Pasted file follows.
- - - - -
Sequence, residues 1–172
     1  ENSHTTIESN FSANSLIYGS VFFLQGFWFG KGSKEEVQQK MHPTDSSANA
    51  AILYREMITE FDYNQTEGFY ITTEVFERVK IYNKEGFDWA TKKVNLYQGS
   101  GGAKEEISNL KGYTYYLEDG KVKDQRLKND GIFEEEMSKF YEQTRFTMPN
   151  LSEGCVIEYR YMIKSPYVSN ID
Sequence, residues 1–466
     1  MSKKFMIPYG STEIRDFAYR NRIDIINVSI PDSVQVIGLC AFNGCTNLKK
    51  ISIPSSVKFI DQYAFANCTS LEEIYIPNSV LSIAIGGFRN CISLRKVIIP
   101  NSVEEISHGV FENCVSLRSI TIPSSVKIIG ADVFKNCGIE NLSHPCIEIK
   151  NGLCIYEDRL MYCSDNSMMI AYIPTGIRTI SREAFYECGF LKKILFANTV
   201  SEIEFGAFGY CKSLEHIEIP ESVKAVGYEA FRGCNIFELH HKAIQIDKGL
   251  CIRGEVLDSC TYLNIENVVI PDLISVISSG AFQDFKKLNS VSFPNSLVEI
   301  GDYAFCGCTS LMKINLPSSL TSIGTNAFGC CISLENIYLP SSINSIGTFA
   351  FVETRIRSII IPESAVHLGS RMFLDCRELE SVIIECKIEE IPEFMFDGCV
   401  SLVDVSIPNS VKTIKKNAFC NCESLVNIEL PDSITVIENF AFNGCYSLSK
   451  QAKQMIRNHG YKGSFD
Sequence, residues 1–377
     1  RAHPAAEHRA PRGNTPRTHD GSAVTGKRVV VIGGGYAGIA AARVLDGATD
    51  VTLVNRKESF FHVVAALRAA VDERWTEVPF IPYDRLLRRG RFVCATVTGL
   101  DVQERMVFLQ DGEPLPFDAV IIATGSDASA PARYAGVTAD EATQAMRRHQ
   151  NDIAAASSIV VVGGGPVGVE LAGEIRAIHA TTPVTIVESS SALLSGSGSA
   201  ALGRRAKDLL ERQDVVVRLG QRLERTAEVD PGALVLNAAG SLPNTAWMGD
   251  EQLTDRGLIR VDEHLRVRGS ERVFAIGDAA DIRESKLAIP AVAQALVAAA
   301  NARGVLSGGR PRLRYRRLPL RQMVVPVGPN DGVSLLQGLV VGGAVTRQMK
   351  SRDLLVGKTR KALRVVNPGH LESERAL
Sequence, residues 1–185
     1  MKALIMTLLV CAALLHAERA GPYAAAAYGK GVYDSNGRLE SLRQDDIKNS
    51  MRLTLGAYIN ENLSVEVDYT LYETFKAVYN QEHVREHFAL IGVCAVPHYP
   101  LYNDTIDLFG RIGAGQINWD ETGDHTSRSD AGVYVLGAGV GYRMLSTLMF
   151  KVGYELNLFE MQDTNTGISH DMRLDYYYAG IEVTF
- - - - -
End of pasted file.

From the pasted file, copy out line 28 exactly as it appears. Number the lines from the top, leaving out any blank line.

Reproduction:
    51  MRLTLGAYIN ENLSVEVDYT LYETFKAVYN QEHVREHFAL IGVCAVPHYP